7/23/2013 10:08:00 AM Arizona official cites state's water policies as model for Colorado River Despite state's successful water management, Arizona Municipal Water Users Association Director said more water is necessary
Kathleen Ferris, executive director of the Arizona Municipal Water Users Association, credited the Groundwater Management Act, which was enacted in 1980, with the state’s success in water conservation. Photo by Emilie Eaton
Emilie Eaton Cronkite News
WASHINGTON - The director of the Arizona Municipal Water Users Association told a Senate subcommittee Tuesday that there is no "silver bullet" to the problem of rising demand for water from the Colorado River.
Kathleen Ferris pointed to Arizona's years of successful water management policies that have kept water use at virtually the same level since 1957, despite an exploding population. But while conservation and reuse are essential, Ferris said other measures are necessary, such as the augmentation of supplies.
"We have to expand our thinking," Ferris told a subcommittee of the Senate Energy and Natural Resources Committee.
She was one of several government, tribal and expert witnesses who appeared before the Subcommittee on Water and Power to discuss the Bureau of Reclamation's December study on water supply and demand in the Colorado River Basin.
That study laid out challenges for the river, which provides drinking water to nearly 40 million people, generates 4,200 megawatts of hydropower, delivers water for farm irrigation and provides recreational opportunities that help drive tourism in the region.
The study said the river is facing demand from growing populations and is undergoing a drought that has put flows at their lowest levels in at least 100 years - and possibly the lowest in 1,200 years. It projected that in 50 years, demand could outstrip supply of river water by about 3.2 million acre-feet per year.
The bureau does not make specific recommendations, instead outlines the threats and "the range of solutions ... that may be considered to resolve those imbalances," said bureau Commissioner Michael Connor in his testimony.
Taylor Hawes, the director of the Colorado River Program at the Nature Conservancy, said at the hearing that states in the basin are heading into uncharted territory.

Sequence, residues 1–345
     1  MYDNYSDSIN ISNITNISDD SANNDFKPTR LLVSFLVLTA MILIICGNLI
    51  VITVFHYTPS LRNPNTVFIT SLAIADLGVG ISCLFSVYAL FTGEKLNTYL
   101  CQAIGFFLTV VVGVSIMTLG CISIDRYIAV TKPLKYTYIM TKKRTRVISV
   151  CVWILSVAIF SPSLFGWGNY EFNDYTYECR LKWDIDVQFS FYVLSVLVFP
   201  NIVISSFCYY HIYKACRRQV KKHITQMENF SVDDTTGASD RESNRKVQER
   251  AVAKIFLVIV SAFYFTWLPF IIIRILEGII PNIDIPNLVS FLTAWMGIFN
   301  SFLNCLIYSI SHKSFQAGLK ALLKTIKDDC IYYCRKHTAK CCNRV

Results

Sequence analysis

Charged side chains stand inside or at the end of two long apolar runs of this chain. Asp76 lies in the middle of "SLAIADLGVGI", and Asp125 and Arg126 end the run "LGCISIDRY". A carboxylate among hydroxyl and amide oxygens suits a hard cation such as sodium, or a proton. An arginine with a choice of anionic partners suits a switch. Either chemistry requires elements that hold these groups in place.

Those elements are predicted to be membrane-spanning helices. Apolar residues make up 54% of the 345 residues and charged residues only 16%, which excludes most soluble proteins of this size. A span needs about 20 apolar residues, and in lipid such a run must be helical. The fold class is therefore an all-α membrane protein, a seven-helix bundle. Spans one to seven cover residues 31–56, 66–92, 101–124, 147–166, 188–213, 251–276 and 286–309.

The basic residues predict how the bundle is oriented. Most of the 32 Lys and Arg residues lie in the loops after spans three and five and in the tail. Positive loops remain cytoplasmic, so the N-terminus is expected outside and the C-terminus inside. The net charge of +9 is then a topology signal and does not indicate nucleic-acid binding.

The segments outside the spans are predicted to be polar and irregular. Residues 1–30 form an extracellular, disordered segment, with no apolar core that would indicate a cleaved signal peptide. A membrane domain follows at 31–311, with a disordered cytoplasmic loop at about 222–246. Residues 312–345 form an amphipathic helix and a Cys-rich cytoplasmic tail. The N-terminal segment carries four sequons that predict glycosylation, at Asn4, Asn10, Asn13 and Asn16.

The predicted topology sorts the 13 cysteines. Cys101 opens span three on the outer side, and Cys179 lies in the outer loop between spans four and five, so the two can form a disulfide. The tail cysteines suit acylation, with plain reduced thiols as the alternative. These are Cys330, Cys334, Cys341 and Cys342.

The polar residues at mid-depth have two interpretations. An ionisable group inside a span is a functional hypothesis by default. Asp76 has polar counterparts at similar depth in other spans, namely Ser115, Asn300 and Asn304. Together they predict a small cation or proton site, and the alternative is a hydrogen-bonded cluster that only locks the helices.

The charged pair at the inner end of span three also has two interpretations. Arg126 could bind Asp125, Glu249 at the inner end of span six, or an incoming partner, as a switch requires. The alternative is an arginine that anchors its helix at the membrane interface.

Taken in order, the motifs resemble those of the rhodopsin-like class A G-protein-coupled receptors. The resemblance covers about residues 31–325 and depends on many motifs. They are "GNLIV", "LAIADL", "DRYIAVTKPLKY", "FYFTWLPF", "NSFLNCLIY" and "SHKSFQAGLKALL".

"The future will not look like the past," she said.
Besides the environmental issues at stake, Hawes said the Colorado also needs to be preserved because of the recreation it provides and the jobs that come with that. Hawes said the Colorado River contributes $26 billion to the economy and supports about 234,000 jobs in the six basin states: Arizona, Colorado, Nevada, New Mexico, Utah and Wyoming.
She also said famers need to be consulted about prospective solutions. Hawes said that the Colorado River Program works with farmers to ensure that any measures taken to protect the Colorado River do not infringe on property rights.
"All of those things need to be explored," Hawes said, and solutions need to be "feasible and cost-effective."
Witnesses said one part of the solution is conservation - an area that Arizona has been particularly successful at, Ferris said.
A large part of the state's success is due to the Groundwater Management Act, which regulates the use and conservation of groundwater in Arizona's most heavily populated areas.
"Since 1980, Arizona has pursued a comprehensive approach to water management," Ferris said. "We implemented many programs to reduce consumption and increase efficiency."
In addition to the conservation of water, Arizona has treated and reused water and required new residential subdivisions to prove they have a 100-year assured water supply.
Those efforts won kudos from committee members.
"I've always praised what has been done in Arizona," said Sen. Jeff Flake, R-Ariz. "A lot of forethought went into it."
Sen. Mark Udall, D-Colo., filling in for the subcommittee chairman, also praised Arizona for its success in water conservation.
"It is a tough balancing act," Flake said. "We've managed to do it pretty well in Arizona."
Ferris said state governments - not the federal government - need to develop solutions.
"If we need federal or congressional help, then we can come forward and ask," Ferris said. "I'm not sure we're there yet."